Examination of Conscience Using the Beatitudes
I lead a retreat for middle school students and formulated a way to do an examination of conscience based upon the Beatitudes. One of the things that I try to do here at LayEvangelist.com is to renew moral theology. What better way to stand on the ground of the Beatitudes in a truly Christian morality than to prepare the soul for Confession.
THE BEATITUDES EXAMEN
1. “Blessed are the poor in spirit, for theirs is the kingdom of heaven.”
Does my desire for poverty of spirit match my lifestyle?
When I pray, do I only ask God for things, instead of for a closer relationship with Him?
Do I contribute my time, talent and money to the poor of the world? Or to myself?
2. “Blessed are those who mourn, for they shall be comforted.”
Do I let the pain and suffering of other people affect me, or do I ignore it?
Am I willing to admit my own pain, brokenness and be vulnerable with others?
When was the last time I really repented for my sin, or asked someone to forgive me whom I hurt?
3. “Blessed are the meek, for they shall inherit the earth.”
Do I understand nonviolence as a way to fight evil with good, and do I choose to live that way?
Have I sacrificed myself for the good of another person?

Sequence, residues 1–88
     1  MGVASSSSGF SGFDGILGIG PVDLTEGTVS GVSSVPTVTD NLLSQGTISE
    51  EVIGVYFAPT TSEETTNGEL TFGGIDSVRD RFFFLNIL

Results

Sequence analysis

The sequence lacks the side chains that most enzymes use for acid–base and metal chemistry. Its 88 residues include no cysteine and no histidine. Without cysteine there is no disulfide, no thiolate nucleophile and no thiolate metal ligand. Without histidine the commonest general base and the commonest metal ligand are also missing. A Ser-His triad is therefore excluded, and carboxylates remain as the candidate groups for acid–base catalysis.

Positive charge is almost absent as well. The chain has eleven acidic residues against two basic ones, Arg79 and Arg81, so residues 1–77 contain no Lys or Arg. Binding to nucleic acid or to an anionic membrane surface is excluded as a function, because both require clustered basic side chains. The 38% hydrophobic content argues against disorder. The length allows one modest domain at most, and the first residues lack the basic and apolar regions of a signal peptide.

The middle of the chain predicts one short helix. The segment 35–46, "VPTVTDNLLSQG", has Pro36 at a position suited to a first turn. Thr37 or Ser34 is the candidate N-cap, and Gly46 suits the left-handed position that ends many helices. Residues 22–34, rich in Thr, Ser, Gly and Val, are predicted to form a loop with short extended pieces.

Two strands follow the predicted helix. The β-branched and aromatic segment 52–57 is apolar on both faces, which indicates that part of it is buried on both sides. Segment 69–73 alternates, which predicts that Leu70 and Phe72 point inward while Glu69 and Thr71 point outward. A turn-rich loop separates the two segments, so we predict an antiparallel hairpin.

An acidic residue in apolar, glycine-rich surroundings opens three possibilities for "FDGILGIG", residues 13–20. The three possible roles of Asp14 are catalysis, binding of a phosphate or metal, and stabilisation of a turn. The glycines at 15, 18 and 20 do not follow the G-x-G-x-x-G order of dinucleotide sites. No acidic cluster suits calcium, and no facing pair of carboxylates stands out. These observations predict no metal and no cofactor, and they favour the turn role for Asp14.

Do I try and bully, guilt, or intimidate other people, including parents and teachers, to do what I want?
4. “Blessed are those who hunger and thirst for righteousness, for they shall be satisfied.”
How much of a priority is it to love and follow Jesus Christ in my life? Honestly.
Do I really want the world to be a better place? What actions have I done to make it that way?
Have I let fear keep me silent when I should have spoken out?
5. “Blessed are the merciful, for they shall obtain mercy.”
Do I expect mercy from others, like parents or teachers, but not from myself towards others?
Are there people in my life who are suffering because of my lack of forgiveness?
Am I merciful to people to my “enemies,” or to people I just avoid or generally dislike?
6. “Blessed are the pure in heart, for they shall see God.”
Do I let popular opinions, fads, and people control how I act, or do I know who I am and what I do?
Have I led others to lust and impurity by the way I dress, through conversations, or other means?
Do I take the time for God in my life through personal and private prayer?
7. “Blessed are the peacemakers for they shall be called children of God.”
Am I eager for reconciliation, or do I antagonize and try to get even?
Do I start a lot of fights in my home by not trying to understand the other person’s perspective?
Do I glorify violence and hostility? Or is my presence a source of peace to those around me?
8. “Blessed are those who are persecuted for righteousness’ sake, for theirs is the kingdom of heaven.”
Am I embarrassed to step out of the mainstream to stand up for a principle?
When was the last time I suffered for the Gospel?
Am I only a Christian when it is convenient for me, or socially acceptable?